4 of 5 people found the following review helpful
A More Delicate Ken Russell...,
This review is from: Mahler [DVD] (DVD)
Most of us who've taken an interest in 'our Ken', especially recently after his death and some fascinating documentaries popped up about the great man, know that he started out making TV documentaries about the Great composers.
So, obviously, he's in his element here and whilst I've not had chance to see the rarer and expensive of these, out of the ones I have, about Tchaikovsky (The Music Lovers), and Liszt (Lisztomania), 'Mahler' is the most straightforward, less contentious and 'messed with', shall we say...
Personally, I rather like it when Ken added his personal 'flourishes'. Neither being religious, nor from any target from his heavy symbolism, I'm never really offended by anything that he did. When it got ugly, or stupid, or at a tangent that took it away from the subject entirely, as he did big time in Lisztomania, that's different, of course.
Robert Powell is a perfect Gustav Mahler - a fairly delicate individual, who, with his little round glasses and curly hair, looks every bit the intellectual. Much being filmed in the Lake District, there's some stunning scenery and Ken's eye never fails us, stylistically, in period detail or in composition.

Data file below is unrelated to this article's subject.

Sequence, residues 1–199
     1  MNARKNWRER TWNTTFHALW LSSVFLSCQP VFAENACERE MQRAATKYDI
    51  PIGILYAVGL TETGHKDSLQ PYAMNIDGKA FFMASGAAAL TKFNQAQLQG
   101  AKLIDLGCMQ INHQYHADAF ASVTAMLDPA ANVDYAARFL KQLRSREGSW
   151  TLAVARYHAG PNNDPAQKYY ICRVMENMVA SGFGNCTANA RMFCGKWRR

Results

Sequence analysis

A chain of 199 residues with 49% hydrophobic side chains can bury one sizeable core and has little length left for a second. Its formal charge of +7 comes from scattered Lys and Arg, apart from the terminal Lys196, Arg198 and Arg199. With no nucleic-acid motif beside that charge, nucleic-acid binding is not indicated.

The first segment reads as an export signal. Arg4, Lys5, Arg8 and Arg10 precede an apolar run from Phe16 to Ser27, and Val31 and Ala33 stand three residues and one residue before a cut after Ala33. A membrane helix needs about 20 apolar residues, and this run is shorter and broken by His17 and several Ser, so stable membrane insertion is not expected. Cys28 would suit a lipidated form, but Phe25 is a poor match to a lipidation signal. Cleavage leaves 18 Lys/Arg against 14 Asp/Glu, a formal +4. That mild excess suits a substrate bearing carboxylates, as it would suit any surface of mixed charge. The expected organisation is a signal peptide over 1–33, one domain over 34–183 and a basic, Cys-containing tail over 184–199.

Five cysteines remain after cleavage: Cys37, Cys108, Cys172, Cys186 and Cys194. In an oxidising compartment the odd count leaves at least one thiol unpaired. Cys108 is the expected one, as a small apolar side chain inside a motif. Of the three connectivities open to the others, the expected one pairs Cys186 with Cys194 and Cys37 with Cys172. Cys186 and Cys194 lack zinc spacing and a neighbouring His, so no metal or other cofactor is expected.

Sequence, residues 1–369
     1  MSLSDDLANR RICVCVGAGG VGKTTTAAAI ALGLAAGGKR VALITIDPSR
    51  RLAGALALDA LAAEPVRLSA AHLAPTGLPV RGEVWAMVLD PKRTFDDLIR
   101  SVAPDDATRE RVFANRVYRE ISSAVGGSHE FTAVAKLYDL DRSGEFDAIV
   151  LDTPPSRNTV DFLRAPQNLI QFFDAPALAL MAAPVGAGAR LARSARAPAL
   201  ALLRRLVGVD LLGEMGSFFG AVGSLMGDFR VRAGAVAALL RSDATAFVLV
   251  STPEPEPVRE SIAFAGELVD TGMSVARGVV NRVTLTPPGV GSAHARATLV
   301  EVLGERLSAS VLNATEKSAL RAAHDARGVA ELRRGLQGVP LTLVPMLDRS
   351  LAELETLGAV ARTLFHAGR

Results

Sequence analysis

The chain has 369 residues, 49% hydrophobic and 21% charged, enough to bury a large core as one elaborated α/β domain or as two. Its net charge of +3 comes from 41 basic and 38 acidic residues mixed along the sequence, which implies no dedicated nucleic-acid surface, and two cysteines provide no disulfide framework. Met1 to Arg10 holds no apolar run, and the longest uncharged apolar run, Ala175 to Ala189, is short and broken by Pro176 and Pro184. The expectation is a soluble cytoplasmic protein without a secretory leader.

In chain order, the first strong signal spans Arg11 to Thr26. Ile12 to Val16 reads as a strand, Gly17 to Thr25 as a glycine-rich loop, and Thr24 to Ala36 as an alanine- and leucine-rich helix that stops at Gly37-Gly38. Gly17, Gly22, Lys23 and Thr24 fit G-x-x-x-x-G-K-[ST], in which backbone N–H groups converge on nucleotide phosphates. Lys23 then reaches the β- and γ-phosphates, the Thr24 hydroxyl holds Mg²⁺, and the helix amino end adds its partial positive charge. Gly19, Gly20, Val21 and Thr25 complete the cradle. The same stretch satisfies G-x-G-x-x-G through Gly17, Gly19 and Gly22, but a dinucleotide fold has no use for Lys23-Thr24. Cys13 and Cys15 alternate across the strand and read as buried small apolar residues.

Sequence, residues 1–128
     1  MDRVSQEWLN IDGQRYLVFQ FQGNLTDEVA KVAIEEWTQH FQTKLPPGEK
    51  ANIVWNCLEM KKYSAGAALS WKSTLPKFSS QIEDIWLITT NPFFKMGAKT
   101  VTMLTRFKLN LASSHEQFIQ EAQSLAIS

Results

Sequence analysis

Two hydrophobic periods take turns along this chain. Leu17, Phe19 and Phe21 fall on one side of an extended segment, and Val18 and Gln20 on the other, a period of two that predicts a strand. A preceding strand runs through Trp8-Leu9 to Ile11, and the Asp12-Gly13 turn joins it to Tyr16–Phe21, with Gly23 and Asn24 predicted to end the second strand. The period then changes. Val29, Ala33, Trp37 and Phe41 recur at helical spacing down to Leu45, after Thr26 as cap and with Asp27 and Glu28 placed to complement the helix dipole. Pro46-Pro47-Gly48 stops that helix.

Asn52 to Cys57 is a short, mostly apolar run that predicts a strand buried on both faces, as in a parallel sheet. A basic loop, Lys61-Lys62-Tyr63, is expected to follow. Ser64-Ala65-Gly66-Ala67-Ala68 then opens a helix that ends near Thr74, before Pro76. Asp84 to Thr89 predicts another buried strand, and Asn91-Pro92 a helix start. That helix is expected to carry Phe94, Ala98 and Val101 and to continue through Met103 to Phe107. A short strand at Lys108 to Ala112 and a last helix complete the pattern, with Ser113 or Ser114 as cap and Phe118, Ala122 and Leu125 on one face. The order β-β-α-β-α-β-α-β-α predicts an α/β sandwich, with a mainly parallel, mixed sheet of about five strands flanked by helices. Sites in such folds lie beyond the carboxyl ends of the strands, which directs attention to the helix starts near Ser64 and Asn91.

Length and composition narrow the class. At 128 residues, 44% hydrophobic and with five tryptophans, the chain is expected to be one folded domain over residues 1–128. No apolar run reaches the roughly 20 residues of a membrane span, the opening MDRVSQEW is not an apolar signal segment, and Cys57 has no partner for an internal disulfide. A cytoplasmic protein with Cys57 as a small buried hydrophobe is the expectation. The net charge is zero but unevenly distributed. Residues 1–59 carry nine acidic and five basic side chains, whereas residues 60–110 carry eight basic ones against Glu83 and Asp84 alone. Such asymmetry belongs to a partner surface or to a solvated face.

Not being a huge fan of Classical music, that side has less importance for me but the score always seems entirely apt and suitable. The sound quality on the DVD, being excellent on The Music Lovers, is a rather tinny mono-sounding affair, here, which takes the dramatic edge off it. You need to turn it up for the score to resonate in time with some of the flamboyant set pieces.
Ken is well known now, for having been the one who turned boring biographies of long-dead creators of music into living and breathing programmes, turning the way such were made on their heads, whilst at the BBC. I do prefer The Music Lovers slightly, as it's more fiery but Mahler has a beauty, soul and understanding that one might not expect from the red-faced bellowing Mr Russell. For those interested in Ken's work, or Robert Powell, or indeed the composer himself, this is essential.